The expansion of the United States is such a vital part of American history, yet some often forget how it all happened. Many thriving settlers were given an extraordinary opportunity starting on January 1, 1863 that would end up laying the floor work for many Midwestern and Western citizens today. The rights and responsibilities to live on and maintain 160 acres of land may seem like a lot to take in for a student learning about an Act about land from the 1860s. However, think about all the people the Homestead Act of 1862 affected. There was a lot of pressure on the original homesteaders to make good use of their newfound land, the government was giving out land that wasn’t exactly theirs, and the Native American would have some their rights stolen.
It was not very easy for the United States to expand like they had in mind. The division of land had been a rising problem since the Revolutionary war. Two of the main issues during the time of the Articles of Confederation were the pricing and land measurement (Potter and Schamel 1). Throughout the course of over fifty years, the government had tried many different attempts to get people to want to expand to the west. They just didn’t really know the right way of how to go about it. Trying to sell the acres did not go over well, considering the price seemed outrageous for what they were getting. Untouched soil was very hard to start on and be successful from the beginning, which caused some problems with people not wanting to buy the land (Weiser 1). So again, a different political group tried a different approach.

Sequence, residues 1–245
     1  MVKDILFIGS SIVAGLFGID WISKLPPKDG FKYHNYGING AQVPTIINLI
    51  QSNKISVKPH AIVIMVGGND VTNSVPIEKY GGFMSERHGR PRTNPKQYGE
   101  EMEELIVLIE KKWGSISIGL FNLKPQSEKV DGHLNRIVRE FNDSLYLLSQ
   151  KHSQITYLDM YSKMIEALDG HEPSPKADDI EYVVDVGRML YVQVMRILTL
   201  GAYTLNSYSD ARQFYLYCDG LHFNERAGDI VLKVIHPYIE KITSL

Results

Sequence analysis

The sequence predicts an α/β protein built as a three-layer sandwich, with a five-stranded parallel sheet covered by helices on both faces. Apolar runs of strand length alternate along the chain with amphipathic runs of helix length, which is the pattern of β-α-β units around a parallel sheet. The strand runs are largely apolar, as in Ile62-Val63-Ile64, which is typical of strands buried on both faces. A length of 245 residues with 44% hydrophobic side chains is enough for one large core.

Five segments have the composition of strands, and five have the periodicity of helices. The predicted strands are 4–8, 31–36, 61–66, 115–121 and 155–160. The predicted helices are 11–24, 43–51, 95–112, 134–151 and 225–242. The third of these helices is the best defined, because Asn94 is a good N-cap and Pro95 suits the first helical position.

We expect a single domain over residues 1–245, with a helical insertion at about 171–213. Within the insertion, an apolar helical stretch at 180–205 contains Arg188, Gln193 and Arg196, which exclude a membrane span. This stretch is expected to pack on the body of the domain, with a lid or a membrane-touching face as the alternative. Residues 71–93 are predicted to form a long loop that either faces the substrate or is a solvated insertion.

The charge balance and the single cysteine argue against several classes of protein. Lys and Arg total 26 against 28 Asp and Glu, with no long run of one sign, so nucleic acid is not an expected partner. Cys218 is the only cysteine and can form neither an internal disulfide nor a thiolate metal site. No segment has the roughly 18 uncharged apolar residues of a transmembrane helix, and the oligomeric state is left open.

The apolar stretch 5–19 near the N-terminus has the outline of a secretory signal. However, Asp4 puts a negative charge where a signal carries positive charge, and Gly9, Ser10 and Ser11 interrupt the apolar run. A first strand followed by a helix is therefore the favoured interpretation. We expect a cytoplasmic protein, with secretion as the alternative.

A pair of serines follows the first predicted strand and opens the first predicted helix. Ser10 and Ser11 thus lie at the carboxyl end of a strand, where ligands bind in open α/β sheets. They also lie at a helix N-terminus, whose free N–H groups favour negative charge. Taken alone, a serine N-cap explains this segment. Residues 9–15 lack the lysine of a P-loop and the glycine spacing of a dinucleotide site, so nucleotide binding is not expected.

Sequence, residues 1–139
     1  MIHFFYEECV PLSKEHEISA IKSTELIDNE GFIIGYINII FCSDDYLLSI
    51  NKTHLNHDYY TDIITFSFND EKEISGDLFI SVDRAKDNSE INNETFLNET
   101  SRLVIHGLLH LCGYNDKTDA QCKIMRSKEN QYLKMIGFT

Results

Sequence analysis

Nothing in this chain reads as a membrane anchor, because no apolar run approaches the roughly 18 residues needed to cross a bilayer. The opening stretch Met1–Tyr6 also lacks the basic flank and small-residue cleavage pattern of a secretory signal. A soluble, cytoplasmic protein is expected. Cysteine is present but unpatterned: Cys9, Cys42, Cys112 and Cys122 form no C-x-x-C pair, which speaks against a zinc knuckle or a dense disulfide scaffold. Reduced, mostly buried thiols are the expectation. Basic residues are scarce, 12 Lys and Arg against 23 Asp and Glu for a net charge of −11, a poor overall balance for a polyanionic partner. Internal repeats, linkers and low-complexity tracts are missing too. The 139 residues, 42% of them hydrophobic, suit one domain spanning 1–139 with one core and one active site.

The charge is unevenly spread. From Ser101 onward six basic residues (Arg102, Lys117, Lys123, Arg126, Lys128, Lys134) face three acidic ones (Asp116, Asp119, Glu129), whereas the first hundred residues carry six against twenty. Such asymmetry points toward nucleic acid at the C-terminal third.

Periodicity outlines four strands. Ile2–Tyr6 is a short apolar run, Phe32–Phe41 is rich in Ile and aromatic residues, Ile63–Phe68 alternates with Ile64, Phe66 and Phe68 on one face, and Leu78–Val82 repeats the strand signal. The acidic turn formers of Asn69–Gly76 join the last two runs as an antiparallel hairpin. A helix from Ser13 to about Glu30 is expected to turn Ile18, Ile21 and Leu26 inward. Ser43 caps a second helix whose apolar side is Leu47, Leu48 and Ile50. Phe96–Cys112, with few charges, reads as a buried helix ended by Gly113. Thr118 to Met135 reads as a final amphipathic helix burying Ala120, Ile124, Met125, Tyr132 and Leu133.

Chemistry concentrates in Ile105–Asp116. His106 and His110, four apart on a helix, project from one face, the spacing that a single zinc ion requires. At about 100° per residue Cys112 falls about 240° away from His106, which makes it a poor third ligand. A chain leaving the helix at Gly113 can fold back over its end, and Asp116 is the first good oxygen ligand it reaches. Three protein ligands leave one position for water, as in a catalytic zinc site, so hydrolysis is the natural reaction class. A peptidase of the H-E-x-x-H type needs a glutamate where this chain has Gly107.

A political group called the Free Soil Party in 1852 demanded free homesteads. Legends of America says, “In 1854 the first free homestead bill was intro...
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...r for the United states to be successful.
Foner, Eric, and John A. Garraty. "Homestead Act." The Reader's Companion to American History. Dec. 1 1991: n.p. SIRS Issues Researcher. Web. 06 Feb. 2014.
I used this sourse to give me some backround information about the Homestead Act and a quote.
Potter, Lee Ann, and Wynell Schamel. "The Homestead Act of 1862." National Archives and Records Administration. National Archives and Records Administration, n.d. Web. 04 Feb. 2014.
I used this source for a quote and to learn the majority of what I needed to know about the history and effects of the Homestead Act of 1862.
Weiser, Kathy. "The Homestead Act - Creating Prosperity in America." The Homestead Act - Creating Prosperity in America. N.p., May 2012. Web. 06 Feb. 2014.
I used this source for many quotes and a good portion of my information about the Homestead Act itself.
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